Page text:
Take That: Rock'n'Roll Stars Reborn

When Take That split up in 1996 a generation of pre-pubescent girls went into shock. Now the not-so-fresh-faced four are reunited. Sarah Harris explores the secrets of a successful second coming
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The Independent Culture

Just when we thought we'd waved goodbye to the denim-clad ghost of the 1990s boyband phenomenon, Take That have begun their second ascent to pop stardom - minus Robbie, of course. With their first No 1 single in more than a decade, a new album and an 11-date tour of the UK and Ireland in April, it looks like it could be magic once more.

When Mark, Howard, Gary and Jason parted company in 1996, you could hear the wails of 2,000 pre-pubescent females emanating from every classroom in my secondary school. One girl threw a chair at a wall and had to be sent home. Others sobbed hysterically while clutching tear-stained photos of Mark Owen. For months afterwards, "TT 4ever" was etched in ballpoint on every toilet door. Special helplines were even set up to deal with the unprecedented national upsurge of teenage hysteria.

Sean Rowley, broadcaster and creator of retro music label Guilty Pleasures, believes that Take That's renewed success could be down to the shrewd timing of their break-up. "Take That were always going to have an incredible comeback because of the way they bowed out," he says. "They did the right thing by jumping ship at the peak of their powers." By leaving when there were still hoards of aggressively screaming teenage supporters, they ensured that, 10 years later, the same fans would be waiting in the wings, gasping for another bout of Take That fever.

But comebacks are not always so smooth. Ask All Saints. Just a few weeks in, the reunion of the whinging foursome is already being talked about as a flop: their first album in six years, Studio 1, entered the charts at No 41 last weekend.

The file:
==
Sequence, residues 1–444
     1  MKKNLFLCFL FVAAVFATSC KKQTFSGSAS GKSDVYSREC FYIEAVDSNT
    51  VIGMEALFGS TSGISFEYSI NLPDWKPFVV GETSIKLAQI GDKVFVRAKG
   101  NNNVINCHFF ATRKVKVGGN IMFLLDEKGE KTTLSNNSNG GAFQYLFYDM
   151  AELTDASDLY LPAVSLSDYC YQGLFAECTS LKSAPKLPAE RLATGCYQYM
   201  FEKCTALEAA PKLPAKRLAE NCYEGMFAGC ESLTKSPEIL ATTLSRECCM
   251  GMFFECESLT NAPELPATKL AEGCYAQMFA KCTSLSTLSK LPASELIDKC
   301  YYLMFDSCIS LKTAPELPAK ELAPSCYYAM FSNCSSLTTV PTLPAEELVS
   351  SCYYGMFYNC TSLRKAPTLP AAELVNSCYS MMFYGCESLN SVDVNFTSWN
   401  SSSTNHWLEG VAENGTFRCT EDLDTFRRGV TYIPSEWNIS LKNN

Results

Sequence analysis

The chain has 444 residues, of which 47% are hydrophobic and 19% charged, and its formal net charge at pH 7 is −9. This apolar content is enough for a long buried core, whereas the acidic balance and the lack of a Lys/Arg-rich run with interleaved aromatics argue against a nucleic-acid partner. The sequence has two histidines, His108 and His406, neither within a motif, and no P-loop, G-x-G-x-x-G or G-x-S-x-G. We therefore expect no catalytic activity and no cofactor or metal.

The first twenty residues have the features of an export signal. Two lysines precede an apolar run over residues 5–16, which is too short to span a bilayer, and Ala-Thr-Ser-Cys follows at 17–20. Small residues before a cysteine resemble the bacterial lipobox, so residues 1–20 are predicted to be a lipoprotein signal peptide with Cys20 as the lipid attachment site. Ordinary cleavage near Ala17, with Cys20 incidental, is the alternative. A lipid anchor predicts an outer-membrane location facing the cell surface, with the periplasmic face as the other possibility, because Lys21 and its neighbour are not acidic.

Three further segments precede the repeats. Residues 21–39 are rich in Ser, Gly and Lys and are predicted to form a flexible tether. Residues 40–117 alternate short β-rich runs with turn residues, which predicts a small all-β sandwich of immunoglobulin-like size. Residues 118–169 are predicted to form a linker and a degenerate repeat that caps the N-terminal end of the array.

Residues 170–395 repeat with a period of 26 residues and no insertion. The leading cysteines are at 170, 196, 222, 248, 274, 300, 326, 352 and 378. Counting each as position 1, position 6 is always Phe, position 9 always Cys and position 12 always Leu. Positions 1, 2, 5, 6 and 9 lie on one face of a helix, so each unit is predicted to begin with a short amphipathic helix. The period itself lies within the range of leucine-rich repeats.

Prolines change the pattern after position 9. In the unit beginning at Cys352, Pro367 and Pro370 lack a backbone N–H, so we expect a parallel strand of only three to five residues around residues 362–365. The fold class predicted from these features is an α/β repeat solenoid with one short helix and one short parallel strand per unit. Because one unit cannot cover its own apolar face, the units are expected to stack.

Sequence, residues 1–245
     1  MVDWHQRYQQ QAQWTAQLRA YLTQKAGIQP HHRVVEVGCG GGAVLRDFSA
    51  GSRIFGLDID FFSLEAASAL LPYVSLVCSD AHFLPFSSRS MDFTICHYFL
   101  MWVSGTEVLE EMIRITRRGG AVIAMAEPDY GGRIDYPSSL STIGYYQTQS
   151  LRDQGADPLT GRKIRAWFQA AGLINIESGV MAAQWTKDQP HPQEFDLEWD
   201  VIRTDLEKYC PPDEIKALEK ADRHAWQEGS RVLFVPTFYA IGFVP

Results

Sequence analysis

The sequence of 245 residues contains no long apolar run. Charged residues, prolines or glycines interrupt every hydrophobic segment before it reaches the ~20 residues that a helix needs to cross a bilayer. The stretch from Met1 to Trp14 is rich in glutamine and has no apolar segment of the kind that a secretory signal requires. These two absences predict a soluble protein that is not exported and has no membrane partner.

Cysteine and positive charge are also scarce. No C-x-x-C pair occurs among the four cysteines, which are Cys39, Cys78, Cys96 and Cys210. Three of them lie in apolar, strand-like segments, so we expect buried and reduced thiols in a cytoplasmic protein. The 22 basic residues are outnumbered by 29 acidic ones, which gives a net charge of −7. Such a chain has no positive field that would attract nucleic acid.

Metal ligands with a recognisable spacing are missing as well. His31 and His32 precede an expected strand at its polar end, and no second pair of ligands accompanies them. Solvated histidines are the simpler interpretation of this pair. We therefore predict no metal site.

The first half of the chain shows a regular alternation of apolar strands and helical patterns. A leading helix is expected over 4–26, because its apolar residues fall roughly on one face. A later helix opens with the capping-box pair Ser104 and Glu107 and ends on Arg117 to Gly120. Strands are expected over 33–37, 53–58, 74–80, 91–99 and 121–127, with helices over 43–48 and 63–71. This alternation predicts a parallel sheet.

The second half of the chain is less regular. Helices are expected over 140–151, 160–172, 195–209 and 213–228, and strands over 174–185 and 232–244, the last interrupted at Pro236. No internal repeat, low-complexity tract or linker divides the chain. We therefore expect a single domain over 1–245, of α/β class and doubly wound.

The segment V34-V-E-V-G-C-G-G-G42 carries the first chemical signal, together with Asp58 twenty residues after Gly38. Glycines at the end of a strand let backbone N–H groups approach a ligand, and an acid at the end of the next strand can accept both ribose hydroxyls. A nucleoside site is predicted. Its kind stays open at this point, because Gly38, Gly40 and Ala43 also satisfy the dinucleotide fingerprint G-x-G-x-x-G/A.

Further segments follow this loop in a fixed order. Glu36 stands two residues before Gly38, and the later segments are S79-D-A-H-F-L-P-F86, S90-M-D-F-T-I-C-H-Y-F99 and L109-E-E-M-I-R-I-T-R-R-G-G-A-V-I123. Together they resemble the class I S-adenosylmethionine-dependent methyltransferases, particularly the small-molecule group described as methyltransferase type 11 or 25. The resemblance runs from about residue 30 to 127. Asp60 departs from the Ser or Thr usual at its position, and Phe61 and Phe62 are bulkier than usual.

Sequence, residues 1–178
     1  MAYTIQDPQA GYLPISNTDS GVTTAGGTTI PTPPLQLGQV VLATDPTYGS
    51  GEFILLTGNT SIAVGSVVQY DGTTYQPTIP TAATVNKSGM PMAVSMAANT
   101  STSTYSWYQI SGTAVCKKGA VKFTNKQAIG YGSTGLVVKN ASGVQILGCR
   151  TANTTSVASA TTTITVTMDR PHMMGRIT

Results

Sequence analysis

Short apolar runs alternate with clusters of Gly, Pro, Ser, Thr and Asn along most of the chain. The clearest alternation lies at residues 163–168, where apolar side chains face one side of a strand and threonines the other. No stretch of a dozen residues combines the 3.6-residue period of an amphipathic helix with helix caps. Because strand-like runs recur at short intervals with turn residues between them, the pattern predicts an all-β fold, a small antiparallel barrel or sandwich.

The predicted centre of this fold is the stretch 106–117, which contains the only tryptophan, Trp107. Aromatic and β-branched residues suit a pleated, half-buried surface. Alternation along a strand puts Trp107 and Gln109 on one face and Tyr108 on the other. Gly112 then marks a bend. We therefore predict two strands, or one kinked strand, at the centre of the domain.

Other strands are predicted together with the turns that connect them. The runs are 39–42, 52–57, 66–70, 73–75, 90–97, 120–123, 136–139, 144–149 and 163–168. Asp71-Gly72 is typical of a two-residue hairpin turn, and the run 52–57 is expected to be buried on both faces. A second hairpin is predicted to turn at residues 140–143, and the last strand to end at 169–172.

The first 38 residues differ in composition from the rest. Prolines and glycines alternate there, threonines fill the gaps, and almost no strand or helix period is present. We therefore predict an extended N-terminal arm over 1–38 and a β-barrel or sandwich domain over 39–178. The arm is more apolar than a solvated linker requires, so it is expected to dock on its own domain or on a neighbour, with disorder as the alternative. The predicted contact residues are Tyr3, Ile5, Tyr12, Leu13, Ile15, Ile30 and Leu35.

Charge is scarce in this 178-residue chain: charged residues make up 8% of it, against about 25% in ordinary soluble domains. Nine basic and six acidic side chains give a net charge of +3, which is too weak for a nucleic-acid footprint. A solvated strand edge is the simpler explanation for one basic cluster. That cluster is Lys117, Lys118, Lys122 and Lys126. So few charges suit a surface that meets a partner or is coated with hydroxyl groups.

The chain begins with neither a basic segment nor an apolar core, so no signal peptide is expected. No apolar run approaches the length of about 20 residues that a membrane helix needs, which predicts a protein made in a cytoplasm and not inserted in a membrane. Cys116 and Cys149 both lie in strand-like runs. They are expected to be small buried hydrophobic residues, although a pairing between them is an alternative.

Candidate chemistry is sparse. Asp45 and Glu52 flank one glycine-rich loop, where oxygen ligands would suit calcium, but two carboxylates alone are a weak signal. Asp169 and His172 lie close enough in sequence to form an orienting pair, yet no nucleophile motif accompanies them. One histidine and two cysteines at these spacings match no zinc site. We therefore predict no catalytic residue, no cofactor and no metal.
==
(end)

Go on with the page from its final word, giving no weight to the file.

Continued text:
The publicist Mark Borkowski knows all about engineering a successful second chance; he's the man behind Noel Edmond's renaissance. "The bottom line is that if someone has had a successful career there is always a place for them to be reinvented," he says. Edmond's appearance as the front man of Channel 4's Deal or No Deal, he explains, was down to talent, years of hard graft at the BBC - and a touch of Cosmic Ordering. "He was nurtured by the BBC for decades, whereas the careers of many young people who come to fame now are brought out purely by the power of marketing. Just because someone has the ability to shovel bugs down their gob in the jungle, does not mean they would have the skills to bring Deal or No Deal alive."

Borkowski says you can never bring back someone who was the product of 15 minutes of fame, "because all the comeback does is expose why they are no longer famous".

If only someone had told that to poor Pete Burns. After 20 years of obscurity his re-emergence on the last Celebrity Big Brother proves that one hit song (1985's "You Spin me Right Round") does not a career make. Since his attempted comeback, Burns has become pilloried as a loud-mouthed cross-dresser with a face like a car crash. But it doesn't seem to worry him. His latest projects include an autobiography, Freak Unique and an ITV special called Pete Burns' Cosmetic Surgery Nightmares.

In the vacuous age of reality TV and Saturday night "talent" contests, real talent has become an increasingly rare treat. So proper stars of yesteryear suddenly look very appealing. Crooner Tony Bennett, who made his name alongside Sinatra in the 1950s, has enjoyed a magnificent rebirth riding high on the recent demand for musical "authenticity". As testament to his renewed success, Bennett had an album out this year (Duets: An American Classic) and recently performed with Christina Aguilera on Saturday Night Live. The newly rejuvenated careers of David Cassidy, Leo Sayer and Bruce Forsyth tell a similar tale - as if, like a fine wine, the celebrity's age has become a testimony to their quality.